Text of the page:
Burkina Faso's president has vowed to address "dysfunctions" hampering the country's security forces after a jihadist attack that killed dozens of gendarmes.
In a nationwide address late Thursday, Roch Marc Christian Kabore said he expected an urgent investigation into the attack to be completed by Tuesday.
"We have to end the unacceptable dysfunctions which are sapping the morale of our fighting troops and hampering their effectiveness in the fight against armed terrorist groups," he said.
"Our soldiers should not be abandoned as a result of bureaucracy or clearly culpable negligence."
Kabore has been facing mounting anger over failures to stem a jihadist insurgency that swept in from neighbouring Mali.
Groups linked to Al-Qaeda and the so-called Islamic State group have plagued the landlocked Sahel nation since 2015, killing about 2,000 people and displacing 1.4 million from their homes.
The November 14 attack saw hundreds of fighters storm a gendarmerie camp at Inata in the north of the country, killing 53 police and four others.
It was the biggest daily loss among the security forces in the history of the insurgency.
The gendarmes were due to be relieved several days earlier and had appealed for help before the attack, saying they were running short of food and ammunition.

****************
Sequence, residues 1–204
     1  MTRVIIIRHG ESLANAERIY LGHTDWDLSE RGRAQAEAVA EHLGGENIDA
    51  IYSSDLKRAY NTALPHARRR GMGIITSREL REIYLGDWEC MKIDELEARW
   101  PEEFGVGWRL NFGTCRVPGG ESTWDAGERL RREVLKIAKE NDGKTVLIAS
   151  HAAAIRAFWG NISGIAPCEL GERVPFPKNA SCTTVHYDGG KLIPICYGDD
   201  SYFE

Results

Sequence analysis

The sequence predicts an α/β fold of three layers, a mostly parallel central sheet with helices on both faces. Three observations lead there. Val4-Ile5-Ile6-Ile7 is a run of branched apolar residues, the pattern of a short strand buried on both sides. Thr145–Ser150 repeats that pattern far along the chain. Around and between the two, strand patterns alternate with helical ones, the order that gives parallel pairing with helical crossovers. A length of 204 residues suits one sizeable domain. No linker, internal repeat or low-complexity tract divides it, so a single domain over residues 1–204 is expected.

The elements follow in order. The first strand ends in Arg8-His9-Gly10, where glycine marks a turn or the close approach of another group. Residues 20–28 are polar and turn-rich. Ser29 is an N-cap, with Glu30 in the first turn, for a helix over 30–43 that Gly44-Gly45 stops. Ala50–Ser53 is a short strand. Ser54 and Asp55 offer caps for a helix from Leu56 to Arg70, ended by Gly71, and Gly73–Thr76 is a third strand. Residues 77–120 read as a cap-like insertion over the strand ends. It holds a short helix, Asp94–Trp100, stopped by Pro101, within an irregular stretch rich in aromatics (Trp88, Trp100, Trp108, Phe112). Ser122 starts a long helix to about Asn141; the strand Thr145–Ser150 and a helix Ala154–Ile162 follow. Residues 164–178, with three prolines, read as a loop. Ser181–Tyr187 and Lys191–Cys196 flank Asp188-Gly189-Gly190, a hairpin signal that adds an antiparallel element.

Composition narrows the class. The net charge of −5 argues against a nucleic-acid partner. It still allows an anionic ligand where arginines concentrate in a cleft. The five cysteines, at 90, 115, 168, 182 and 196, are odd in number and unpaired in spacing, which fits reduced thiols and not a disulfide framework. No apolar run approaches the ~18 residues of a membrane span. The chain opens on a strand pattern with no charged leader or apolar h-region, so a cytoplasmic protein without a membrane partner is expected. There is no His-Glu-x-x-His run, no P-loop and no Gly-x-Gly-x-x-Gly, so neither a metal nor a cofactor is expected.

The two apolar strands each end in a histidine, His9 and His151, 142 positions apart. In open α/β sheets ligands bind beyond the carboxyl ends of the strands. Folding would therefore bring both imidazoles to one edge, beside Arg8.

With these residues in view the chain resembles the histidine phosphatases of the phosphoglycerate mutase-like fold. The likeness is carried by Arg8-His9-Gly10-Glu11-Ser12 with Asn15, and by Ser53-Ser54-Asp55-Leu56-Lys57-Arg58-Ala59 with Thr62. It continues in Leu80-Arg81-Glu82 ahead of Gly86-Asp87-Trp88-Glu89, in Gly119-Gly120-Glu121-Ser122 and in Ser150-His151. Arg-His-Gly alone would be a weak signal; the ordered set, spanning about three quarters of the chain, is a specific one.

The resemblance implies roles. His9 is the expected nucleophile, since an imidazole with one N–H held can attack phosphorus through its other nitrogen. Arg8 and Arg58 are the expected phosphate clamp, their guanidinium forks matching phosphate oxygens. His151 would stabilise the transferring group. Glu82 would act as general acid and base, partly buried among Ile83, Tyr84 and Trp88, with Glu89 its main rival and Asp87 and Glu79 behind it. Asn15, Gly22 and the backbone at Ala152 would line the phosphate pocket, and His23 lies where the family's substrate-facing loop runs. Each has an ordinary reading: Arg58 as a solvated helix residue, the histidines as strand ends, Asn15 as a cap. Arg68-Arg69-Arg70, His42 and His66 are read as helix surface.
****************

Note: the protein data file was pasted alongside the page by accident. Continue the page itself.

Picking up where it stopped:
"We will draw all the disciplinary consequences and take the appropriate judicial action," Kabore promised.
He pledged to oversee "scrupulously, more than in the past, the questions of logistics, bonuses and strengthening the operational capacity of our fighting forces".
Burkina Faso is one of the poorest countries in the world and its armed forces are ill-equipped against the highly mobile jihadist groups.
An anti-Kabore protest, scheduled to be held in the capital Ouagadougou on Saturday by three groups in an alliance called the November 27 Coalition, has been banned by mayor Armand Beouinde, according to a security circular seen by AFP on Thursday.
The government has also ordered a four-day cut in mobile internet access with effect from Wednesday, adding to an earlier four-day suspension for "security reasons".